Mark Pierson, a pastor in the Baptist Church of New Zealand since 1982, developed the model of worship curator more than 15 years ago. He currently works for World Vision and writes and speaks regularly on aspects of worship as art. His aim is to find fresh ways of engaging with those on the fringes of the church and beyond. Pierson is upset with Christian communities who tolerate boring traditional services that have not changed for years. He also has little patience for many of the so-called experimental worship services that use popular music, dance, and videos as gimmicks to jazz orthodox worship services. Pierson suggests another route:
"I'm beginning to understand worship and worship preparation much more as an art form than an organizational task. To see myself as a producer/preparer of worship for myself and others, as a worship curator — someone who takes the pieces provided and puts them in a particular setting and makes a particular arrangement of them, considering juxtaposition, style, light, shade, etc. A maker of context rather than a presenter of content. A provider of a frame inside of which the elements are arranged and rearranged to convey a particular message to the worshipper. This message may or may not be obvious, may or may not be similar to the message conveyed to/perceived by another worshipper.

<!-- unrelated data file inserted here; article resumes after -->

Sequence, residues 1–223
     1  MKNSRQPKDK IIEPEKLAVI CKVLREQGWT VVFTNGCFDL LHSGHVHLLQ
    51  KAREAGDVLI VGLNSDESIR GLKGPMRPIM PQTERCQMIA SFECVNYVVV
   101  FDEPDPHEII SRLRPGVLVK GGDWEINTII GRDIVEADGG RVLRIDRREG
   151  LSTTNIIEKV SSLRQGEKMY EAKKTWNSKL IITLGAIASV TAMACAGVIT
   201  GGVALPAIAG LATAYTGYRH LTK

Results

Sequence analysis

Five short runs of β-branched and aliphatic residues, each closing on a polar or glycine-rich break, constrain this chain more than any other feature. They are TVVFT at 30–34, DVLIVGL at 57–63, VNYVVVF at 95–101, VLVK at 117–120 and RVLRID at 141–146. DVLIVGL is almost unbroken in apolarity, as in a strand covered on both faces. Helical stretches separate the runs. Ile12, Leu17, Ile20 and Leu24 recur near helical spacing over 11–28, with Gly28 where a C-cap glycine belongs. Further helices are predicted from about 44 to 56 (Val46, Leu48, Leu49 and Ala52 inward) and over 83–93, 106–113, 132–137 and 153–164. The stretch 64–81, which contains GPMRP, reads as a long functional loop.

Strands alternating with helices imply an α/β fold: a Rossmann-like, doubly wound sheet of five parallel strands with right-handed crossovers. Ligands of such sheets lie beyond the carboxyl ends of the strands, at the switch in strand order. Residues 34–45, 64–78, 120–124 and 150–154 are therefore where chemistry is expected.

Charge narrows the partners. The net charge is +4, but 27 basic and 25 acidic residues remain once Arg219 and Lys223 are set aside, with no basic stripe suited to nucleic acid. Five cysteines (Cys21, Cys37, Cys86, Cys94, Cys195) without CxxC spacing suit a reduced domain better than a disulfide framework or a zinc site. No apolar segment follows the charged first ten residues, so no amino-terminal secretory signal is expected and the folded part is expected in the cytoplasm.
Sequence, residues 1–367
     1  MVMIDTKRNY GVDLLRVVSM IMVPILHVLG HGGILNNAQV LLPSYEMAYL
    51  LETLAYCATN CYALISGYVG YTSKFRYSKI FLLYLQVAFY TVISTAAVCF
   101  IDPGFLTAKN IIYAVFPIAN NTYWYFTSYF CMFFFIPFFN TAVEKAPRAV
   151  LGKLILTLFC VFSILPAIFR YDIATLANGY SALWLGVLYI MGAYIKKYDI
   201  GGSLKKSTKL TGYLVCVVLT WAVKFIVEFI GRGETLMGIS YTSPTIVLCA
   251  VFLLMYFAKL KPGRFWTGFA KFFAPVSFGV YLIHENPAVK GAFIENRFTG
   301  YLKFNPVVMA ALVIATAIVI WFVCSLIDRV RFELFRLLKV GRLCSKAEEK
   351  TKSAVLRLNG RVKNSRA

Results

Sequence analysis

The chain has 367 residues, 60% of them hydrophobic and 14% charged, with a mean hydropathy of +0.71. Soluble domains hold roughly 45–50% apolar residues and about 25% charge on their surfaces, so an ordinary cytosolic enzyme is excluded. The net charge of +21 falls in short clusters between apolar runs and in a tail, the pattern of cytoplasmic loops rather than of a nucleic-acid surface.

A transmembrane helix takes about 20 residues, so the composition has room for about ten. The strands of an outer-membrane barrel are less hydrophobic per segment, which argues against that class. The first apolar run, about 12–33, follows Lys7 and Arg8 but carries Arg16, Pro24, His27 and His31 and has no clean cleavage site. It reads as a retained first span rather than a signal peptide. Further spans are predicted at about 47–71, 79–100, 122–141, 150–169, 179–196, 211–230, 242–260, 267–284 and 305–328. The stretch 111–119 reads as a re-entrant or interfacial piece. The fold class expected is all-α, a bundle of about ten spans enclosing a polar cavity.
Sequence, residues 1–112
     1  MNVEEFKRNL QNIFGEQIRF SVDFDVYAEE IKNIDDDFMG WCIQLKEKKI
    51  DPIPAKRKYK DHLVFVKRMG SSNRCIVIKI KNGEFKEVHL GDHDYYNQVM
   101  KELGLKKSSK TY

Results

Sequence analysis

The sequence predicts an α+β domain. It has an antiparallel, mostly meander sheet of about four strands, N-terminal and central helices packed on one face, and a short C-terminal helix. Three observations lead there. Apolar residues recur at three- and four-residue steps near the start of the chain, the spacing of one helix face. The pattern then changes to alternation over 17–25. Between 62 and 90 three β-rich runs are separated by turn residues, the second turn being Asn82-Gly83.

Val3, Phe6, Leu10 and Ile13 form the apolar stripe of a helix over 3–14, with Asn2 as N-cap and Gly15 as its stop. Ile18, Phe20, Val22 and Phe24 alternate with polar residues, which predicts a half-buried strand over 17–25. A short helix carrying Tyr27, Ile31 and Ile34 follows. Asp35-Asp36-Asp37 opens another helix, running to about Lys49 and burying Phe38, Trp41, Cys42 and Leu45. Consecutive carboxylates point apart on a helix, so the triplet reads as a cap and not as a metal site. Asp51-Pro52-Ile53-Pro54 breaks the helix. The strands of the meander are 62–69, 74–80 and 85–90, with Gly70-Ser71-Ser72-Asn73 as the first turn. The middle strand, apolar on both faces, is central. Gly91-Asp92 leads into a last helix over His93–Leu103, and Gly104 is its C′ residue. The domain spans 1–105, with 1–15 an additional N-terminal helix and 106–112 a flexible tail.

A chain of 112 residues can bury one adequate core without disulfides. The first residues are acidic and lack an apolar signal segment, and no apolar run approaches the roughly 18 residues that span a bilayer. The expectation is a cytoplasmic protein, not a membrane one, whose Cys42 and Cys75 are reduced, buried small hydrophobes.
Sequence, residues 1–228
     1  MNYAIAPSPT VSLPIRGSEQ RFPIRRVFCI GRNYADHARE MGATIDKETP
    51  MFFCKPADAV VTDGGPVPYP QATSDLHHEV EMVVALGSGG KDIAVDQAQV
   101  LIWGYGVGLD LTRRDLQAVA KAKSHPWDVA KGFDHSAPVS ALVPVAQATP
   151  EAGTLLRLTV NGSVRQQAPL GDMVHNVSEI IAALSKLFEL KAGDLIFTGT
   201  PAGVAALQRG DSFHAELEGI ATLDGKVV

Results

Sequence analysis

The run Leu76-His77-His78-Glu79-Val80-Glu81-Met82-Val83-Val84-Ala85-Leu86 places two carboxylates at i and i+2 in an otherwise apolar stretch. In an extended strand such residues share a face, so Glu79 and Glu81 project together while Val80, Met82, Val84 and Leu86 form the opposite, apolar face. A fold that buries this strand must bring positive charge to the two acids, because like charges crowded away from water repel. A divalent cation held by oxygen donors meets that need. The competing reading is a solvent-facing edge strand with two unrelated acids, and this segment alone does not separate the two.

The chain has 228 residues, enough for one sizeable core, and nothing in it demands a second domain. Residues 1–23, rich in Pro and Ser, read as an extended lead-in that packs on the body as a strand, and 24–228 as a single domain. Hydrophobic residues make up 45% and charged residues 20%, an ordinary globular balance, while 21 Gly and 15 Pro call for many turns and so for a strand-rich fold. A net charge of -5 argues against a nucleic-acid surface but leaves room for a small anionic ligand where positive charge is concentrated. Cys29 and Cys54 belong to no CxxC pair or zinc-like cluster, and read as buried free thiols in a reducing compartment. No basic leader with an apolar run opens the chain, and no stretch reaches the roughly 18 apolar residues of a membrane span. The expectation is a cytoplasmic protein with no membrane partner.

"Worship is art. Art can be worship.
I provide worship experiences for others to participate in.
I am an artist
Pierson is convinced that there is no "one size fits all" — the modus operandi for centuries in churches around the world. He prefers "reemerging church" to the popular term "the emerging church." Best of all is his four-page discussion of the term "the curator" (of an art installation) and "the worship curator." He believes that every worship event needs to contain content forged through an aggregation/pruning process and that it reach a large cross-cut of people with more diversity than regularly repeated worship services. Pierson's bold and adventuresome curator philosophy includes in its embrace: participation, open-endedness, slow worship, integrity, failure, and questions. He also lays out a new language for worship, including silence and other spiritual practices, segues, and takeaways/takeouts. This is followed by a new language for building community through curation.
Pierson's theological, pastoral, and creative admonitions are followed by concrete examples of worship events, including community worship, transitional worship, guerilla worship, and stations of the cross. The Art of Curating Worship: Reshaping the Role of Worship Leader is far-and-away the most creative, bold, and immersive book on revising worship in the Christian community written in many a moon.